After marriage your well-being dips and after divorce it rises; after childbirth, relationship satisfaction is permanently below its pre-birth level -– so says a meta-analysis of 2,159 studies, published this week in the Journal of Personality and Social Psychology. Sound dire? It is. But keep reading – the reasons for these dips and rises give us married-with-children guys hope.
“It turns out that in the period before marriage, well-being goes way up,” says Maike Luhmann, PhD, postdoctoral researcher in psychology in the Cacioppo Lab at the University of Chicago, and lead author of the study (who I talked to in the spirit of my book, Brain Trust).
And so the well-being dive after marriage is, in fact, a return to the level you were at before the pre-wedding bliss period, when bluebirds draped you in garlands and the forest creatures were your bestest friends. Similar is true of divorce: well-being is so terribly low in the period just before a divorce that after the event itself, the well-being boost brings you back to your baseline – where you were at before all the badness started.
Instead of looking two months before and four months after, taken a year before marriage and a year after, the event has little effect on well-being.
“Interestingly, though, an earlier study showed that some couples continue to drop through the well-being floor after marriage – they go lower than their baselines – and these couples are much more likely to get divorced,” Luhmann says.
So what about childbirth?
“We actually find a steeper decrease in well-being for men, suggesting that women’s well-being does not suffer as much from having children as men’s well-being,” says Luhmann. “But, of course, while this might be true for some men, it certainly wasn’t true for all – hopefully including my husband.”
So how can a guy remain happy while married with kids? It helps to look at the chunk of happiness that takes a baby dive.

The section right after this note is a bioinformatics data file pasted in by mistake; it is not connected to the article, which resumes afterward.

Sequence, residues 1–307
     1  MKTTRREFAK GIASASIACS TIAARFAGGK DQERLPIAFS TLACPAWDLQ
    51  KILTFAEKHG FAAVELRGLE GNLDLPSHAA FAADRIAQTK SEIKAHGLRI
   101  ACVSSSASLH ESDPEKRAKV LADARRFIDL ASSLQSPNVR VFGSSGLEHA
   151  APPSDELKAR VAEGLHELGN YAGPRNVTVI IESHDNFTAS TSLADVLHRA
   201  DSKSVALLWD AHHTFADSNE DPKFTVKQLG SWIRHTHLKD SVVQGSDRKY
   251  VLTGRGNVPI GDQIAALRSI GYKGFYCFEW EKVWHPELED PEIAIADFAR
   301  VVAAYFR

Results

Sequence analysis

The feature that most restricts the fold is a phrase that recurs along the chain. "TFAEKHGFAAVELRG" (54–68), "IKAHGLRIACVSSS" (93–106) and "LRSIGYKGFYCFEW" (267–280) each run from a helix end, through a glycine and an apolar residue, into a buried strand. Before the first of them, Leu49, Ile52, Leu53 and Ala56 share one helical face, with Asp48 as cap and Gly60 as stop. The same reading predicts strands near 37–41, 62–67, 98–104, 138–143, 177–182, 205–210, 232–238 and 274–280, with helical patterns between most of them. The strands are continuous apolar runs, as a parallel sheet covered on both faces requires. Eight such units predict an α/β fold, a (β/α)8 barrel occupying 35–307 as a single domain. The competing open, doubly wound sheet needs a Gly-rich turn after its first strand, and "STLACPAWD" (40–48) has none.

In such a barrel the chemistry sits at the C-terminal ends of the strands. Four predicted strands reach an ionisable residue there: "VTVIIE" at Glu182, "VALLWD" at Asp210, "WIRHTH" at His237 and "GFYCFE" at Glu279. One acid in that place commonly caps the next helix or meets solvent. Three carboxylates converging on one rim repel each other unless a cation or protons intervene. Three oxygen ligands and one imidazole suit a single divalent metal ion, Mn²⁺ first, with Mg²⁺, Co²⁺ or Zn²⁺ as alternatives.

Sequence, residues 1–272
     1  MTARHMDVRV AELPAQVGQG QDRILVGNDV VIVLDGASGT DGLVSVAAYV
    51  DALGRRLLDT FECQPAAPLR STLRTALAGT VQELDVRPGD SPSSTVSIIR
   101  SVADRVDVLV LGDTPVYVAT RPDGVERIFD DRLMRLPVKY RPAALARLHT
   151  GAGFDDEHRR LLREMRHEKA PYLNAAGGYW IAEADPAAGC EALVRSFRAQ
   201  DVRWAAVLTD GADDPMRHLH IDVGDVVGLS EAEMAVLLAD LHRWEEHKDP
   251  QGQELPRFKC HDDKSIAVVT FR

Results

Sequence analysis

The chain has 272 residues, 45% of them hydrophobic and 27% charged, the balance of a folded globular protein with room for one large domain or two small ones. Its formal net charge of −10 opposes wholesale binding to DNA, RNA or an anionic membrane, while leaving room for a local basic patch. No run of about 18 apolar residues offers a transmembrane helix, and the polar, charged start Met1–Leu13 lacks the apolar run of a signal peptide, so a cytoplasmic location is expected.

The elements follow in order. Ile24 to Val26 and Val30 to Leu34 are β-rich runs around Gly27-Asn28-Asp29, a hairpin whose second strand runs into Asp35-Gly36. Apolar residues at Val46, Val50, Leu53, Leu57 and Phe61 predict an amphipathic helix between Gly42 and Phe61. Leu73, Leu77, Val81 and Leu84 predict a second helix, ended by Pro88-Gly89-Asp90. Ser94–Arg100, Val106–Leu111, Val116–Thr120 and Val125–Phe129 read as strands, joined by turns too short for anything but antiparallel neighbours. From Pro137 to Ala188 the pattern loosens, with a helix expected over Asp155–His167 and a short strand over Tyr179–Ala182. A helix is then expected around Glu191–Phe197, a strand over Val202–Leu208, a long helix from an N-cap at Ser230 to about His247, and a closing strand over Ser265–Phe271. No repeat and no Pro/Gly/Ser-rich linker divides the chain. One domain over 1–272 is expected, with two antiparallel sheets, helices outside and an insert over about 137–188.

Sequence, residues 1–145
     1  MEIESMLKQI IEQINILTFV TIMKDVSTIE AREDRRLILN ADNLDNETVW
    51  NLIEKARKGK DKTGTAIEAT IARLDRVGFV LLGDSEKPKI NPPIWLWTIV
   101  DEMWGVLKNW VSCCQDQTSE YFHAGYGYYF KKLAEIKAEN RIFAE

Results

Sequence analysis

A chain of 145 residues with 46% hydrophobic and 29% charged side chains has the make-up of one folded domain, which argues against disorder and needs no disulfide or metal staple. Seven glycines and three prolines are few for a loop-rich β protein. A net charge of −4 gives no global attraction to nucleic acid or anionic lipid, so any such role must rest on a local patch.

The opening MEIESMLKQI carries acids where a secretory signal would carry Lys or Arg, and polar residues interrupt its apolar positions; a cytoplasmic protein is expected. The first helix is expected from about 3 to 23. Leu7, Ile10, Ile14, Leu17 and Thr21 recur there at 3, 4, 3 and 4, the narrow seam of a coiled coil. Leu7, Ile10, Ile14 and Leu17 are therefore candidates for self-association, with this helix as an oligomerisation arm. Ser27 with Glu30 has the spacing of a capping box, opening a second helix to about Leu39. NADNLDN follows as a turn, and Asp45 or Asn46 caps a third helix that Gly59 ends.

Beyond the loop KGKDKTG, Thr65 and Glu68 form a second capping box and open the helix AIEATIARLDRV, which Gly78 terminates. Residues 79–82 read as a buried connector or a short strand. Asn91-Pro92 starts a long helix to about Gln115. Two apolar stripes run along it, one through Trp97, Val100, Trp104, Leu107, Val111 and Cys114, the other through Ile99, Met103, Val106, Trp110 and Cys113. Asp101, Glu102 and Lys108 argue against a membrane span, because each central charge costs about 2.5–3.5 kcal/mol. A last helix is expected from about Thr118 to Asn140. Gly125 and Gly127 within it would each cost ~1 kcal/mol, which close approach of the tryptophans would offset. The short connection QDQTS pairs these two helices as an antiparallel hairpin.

“Relationship satisfaction after childbirth is permanently below its prebirth level. The long-term effects of childbirth on life satisfaction are also negative but not quite as severe,” writes Luhmann.
But while relationship and life satisfaction go down, something called affective well-being goes up. This affective well-being is the balance of your pleasant and unpleasant experiences. After kids (believe it or not as you burn breakfast while trying to get matching socks on matching kids), most people have a more positive balance of good-vs-bad experiences after the birth of a child. The question for your overall well-being is whether these experiences can outweigh your decrease in relationship and life satisfaction.
To know the answer, “One would have to know how people would weigh affective well-being and relationship and life satisfaction. For instance, does experiencing a one point gain in affective well-being feel the same as experiencing a one point drop in relationship and life satisfaction?” Luhmann says.
Still, her words hold the key to married-with-children well-being: Be happy in the moment with your kids.
By gathering powerful positive experiences with your kids, you can hope to outweigh potential losses in life and relationship satisfaction.